. . . but I know when to let go.
My older (not older than me, I mean, but probably older than you) editor colleagues are appalled when I tell them that the neuter third-person possessive “its” is definitely on the way out, and that while I still loyally use “its,” I have resigned myself to its (it’s) disappearance, and even to the logic of its disappearance.
Look, we make possessives by adding “apostrophe s.” The only reason we break that rule in the case of “it” is to avoid confusing the possessive with the contraction of “it is” (“it’s going to be a long day”). But why are we suddenly so phobic about confusion? We constantly distinguish between homonyms on the basis of context alone. When we “peer” through a mail slot we don’t think of forcing a member of the House of Lords through the aperture. Or for a better example (because both are verbs), we know that it’s one thing to “tear up” and another to “tear up your Kleenex.” People who form the possessive “it’s” may be ignorant of the niceties of grammar, but the niceties—especially, God knows, in English!—are often arbitrary, and in this case the ignorance is logical.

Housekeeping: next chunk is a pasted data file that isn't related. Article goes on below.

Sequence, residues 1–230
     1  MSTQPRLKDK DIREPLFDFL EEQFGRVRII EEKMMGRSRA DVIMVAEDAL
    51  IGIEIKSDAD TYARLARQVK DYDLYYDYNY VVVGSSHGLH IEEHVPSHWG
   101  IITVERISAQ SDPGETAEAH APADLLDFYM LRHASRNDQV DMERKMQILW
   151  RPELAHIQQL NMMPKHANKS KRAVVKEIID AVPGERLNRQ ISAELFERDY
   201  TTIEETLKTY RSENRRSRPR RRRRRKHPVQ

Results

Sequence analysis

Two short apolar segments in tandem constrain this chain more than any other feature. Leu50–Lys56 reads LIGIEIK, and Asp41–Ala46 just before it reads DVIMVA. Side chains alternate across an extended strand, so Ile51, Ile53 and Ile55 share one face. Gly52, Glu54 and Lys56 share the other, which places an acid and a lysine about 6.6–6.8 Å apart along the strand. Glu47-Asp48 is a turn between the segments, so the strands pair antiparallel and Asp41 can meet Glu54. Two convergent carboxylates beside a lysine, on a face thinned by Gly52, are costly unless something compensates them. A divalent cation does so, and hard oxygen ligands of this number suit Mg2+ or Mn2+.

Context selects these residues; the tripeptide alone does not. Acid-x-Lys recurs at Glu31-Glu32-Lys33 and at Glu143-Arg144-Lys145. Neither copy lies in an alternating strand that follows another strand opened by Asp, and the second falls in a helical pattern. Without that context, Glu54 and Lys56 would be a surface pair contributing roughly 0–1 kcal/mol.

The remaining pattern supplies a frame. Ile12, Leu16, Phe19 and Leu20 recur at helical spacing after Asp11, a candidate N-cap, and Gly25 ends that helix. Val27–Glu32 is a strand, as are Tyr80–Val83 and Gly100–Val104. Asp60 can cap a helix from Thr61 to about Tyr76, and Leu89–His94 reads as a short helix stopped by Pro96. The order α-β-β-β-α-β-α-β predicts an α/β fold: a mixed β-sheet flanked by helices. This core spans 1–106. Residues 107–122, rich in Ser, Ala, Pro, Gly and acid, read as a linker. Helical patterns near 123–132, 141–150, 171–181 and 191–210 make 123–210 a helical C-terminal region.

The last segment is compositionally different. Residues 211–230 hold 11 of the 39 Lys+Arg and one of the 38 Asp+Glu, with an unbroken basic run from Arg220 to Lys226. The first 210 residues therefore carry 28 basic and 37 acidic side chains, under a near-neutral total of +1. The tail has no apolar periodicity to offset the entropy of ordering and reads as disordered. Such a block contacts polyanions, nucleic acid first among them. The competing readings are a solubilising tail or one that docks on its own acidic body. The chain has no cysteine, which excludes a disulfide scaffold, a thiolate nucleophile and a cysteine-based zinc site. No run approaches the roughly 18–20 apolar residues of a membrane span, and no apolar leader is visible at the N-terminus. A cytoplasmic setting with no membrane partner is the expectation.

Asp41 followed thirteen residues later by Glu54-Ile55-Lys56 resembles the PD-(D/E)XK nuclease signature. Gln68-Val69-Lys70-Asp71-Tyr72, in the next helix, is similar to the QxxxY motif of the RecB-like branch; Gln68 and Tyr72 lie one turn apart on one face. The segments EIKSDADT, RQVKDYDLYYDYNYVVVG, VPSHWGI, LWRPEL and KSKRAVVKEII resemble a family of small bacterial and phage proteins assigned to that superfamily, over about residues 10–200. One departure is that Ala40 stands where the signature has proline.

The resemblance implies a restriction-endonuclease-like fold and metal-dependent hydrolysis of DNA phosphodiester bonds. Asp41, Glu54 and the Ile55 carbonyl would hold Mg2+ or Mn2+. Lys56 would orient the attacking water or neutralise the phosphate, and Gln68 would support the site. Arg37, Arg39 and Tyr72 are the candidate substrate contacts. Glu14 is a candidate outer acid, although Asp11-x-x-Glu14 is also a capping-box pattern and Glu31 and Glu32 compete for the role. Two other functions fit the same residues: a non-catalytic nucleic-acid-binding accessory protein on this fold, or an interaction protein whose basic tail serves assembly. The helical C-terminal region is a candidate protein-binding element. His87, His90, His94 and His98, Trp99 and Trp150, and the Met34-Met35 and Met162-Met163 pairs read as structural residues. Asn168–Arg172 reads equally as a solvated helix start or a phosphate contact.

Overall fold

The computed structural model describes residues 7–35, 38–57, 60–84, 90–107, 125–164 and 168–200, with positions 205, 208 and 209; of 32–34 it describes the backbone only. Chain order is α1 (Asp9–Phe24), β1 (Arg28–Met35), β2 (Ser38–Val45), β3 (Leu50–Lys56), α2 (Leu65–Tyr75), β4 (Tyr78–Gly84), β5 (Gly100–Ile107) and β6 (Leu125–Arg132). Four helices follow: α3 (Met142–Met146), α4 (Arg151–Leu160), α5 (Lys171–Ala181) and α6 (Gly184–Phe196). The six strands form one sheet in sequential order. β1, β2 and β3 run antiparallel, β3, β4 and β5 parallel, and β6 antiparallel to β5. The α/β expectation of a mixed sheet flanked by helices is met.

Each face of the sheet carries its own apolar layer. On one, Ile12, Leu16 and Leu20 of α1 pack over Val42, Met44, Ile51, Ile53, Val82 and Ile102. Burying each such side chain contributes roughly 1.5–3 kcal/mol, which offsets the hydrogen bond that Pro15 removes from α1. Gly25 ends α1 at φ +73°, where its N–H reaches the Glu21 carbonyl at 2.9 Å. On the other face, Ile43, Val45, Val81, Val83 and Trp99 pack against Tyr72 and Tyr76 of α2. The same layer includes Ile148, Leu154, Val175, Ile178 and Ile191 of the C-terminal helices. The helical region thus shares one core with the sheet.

I believe that sooner than later, the dictionaries will accept “it’s” first as an acceptable alternative, and then as the correct way to form the neuter third person plural. And why not? (Ironically, I’d be willing to betcha “his” started out as “he’s.”) Language changes because usage is the ultimate authority, or as William Safire used to call her, “Norma Loquendi.” (In this case, actually, her cousin, Norma Scribendi.)
There is one problem, and that’s that when people are uncertain about where apostrophe’s belong, they multiply like fleas. As in the preceding sentence (I actually typed that unintentionally!), they are attracted to any terminal “s” and thus they start infecting plurals, which is beyond the pale.
And . . . here’s what prompted me to write this . . .